The only people that I’ve heard say positive things about the Niners’ move are those that live in the South Bay. Candlestick was one of those places like Veterans Stadium—where everyone to a man complained about it. But to borrow a phrase from Joe Queenan, it was a temple. If you have the time, give this a read: Closing the Cave of the Winds (Grantland) Looking at it without sentimentality however, I don’t blame the city government at all for letting it happen. Football-only stadia represent a bad deal for American cities. They are dormant nearly the entire year but require a tremendous amount of pavement and traffic control. The early reports on the new stadium bring back traffic nightmare memories of Raljon. Evidently the stadium won’t host any Monday or Thursday games because of insufficient parking on weeknights: they will have overflow parking at surrounding locations on Sundays.

WFY: I have probably asked this before, so forgive me if I have, but how has the fanbase evolved in your decade of living there, late Bonds era to 2 time champ? You arrived just in time!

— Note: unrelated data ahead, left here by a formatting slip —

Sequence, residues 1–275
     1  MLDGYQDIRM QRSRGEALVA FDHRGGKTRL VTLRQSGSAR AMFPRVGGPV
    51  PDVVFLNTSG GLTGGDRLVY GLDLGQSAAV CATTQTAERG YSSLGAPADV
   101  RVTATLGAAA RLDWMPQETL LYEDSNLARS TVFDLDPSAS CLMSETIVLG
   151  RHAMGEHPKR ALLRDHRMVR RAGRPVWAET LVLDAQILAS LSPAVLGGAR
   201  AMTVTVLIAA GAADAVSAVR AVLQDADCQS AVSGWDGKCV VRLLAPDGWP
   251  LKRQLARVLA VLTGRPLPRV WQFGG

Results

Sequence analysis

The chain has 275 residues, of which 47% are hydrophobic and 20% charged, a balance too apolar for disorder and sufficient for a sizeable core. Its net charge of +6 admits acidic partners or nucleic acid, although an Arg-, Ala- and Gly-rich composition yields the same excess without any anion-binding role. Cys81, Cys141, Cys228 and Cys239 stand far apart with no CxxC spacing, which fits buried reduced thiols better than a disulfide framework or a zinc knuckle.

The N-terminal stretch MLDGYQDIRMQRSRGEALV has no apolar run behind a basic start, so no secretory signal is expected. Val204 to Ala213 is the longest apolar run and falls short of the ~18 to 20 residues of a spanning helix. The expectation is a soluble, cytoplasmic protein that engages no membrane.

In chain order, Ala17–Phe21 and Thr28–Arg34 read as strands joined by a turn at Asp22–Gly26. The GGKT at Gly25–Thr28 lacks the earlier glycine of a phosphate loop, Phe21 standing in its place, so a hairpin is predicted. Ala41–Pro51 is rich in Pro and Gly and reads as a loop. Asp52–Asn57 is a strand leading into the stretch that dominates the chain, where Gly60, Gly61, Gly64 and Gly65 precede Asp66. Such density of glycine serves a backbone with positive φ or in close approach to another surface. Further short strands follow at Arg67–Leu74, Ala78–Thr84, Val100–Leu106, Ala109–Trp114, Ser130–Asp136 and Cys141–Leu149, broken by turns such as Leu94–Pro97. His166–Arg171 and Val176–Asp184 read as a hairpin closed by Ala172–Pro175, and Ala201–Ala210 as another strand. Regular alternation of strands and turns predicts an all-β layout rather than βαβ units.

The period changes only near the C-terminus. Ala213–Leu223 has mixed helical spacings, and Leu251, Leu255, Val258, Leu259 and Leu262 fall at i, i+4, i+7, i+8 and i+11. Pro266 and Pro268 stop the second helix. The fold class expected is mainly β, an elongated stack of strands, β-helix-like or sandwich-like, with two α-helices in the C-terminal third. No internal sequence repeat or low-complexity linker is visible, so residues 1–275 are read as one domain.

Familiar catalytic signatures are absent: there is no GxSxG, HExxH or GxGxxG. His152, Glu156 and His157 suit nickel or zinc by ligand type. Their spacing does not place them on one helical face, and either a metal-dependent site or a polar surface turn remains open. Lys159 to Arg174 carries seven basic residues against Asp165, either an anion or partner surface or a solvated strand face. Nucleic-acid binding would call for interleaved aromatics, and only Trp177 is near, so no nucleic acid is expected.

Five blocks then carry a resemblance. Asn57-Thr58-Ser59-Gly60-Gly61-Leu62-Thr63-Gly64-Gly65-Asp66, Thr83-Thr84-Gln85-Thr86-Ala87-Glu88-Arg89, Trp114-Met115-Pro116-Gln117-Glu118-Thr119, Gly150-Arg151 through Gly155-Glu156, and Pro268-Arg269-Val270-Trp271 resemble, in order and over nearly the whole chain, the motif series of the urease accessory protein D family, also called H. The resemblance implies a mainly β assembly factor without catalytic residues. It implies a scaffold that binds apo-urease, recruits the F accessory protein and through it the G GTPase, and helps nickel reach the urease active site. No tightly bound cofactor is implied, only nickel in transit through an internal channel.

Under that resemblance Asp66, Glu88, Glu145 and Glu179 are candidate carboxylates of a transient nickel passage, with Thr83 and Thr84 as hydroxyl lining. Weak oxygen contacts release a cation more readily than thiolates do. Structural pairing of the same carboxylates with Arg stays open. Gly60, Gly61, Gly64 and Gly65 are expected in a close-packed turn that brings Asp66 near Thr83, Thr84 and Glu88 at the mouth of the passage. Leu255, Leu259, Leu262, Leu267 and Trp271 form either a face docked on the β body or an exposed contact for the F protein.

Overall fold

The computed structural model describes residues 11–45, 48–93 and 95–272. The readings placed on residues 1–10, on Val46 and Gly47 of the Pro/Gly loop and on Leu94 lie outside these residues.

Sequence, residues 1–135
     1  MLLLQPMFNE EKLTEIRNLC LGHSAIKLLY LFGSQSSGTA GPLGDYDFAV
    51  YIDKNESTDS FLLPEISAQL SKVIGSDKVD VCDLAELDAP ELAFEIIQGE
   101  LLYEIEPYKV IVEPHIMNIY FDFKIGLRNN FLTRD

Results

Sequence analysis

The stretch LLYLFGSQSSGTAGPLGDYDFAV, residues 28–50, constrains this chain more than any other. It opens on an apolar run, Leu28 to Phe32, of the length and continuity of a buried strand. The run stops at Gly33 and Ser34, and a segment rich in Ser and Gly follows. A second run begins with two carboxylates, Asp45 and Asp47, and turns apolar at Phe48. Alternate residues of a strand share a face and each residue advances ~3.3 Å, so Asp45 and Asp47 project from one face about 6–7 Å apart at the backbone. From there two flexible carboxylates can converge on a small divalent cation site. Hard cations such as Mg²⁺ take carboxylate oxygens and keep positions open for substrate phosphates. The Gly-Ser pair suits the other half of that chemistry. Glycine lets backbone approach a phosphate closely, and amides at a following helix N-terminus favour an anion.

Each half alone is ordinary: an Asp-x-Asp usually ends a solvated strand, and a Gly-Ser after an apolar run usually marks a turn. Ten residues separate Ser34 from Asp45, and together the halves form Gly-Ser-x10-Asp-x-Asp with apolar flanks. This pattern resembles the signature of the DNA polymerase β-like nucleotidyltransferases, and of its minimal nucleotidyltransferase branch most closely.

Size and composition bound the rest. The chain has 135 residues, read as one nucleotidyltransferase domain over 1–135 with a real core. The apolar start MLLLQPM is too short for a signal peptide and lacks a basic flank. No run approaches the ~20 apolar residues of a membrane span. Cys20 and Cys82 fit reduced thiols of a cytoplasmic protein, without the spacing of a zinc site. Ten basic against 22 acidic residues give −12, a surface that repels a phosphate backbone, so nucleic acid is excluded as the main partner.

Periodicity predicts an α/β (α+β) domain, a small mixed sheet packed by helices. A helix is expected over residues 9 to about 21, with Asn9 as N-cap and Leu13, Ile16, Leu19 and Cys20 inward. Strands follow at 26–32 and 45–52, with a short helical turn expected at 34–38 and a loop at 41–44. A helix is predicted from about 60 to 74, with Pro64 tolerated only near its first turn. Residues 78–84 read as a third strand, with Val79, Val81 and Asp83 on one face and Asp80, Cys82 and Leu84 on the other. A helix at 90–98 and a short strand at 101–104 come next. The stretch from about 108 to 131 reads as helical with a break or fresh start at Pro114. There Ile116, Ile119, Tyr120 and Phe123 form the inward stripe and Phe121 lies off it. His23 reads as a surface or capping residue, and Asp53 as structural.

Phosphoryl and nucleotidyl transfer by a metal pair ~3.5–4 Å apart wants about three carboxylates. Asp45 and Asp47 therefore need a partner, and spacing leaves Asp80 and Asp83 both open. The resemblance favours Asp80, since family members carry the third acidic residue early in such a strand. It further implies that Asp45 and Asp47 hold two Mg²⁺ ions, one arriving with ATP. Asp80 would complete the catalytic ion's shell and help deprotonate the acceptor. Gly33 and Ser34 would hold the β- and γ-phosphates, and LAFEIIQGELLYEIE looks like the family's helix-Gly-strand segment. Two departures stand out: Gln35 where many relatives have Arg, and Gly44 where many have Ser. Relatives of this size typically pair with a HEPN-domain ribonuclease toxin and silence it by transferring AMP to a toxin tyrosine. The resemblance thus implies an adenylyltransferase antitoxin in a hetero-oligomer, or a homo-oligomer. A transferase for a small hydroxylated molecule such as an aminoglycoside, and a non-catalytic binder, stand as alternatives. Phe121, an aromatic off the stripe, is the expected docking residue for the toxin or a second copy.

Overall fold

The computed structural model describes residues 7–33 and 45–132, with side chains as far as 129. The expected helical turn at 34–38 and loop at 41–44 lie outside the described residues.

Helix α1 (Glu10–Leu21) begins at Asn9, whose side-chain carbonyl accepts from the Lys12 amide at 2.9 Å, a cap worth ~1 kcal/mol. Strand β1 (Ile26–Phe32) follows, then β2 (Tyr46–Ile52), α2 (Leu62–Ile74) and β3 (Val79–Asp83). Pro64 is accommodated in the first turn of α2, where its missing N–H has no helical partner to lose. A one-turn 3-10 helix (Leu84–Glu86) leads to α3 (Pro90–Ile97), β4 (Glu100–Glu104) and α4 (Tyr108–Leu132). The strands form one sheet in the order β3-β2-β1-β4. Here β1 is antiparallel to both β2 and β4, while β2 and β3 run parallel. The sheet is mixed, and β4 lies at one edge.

DFS: When I moved out here Bonds was still playing. He was an obstacle to my full adoption of the team. I don’t despise him and am still in awe of his accomplishments, even if not completely earned. But he rubbed me the wrong way and I had a hard time supporting the team fully because of it. I started to self identify as a Giants fan in his first year of retirement, which means I didn’t have to suffer through much before I enjoyed the rich bounty of 2 championships in 3 seasons. Winning does change things in the typical ways. I certainly see a lot more gear these days. The team also has cultivated a more jovial take to marketing itself. The players all have nicknames and fans riff on that by wearing costumes. The team’s commercials are light-hearted and occasionally funny without being too slick.

I don’t remember seeing that stuff when I moved here. Going to a game was an opportunity to watch Bonds in an idyllic ballpark. You didn’t need much more than that.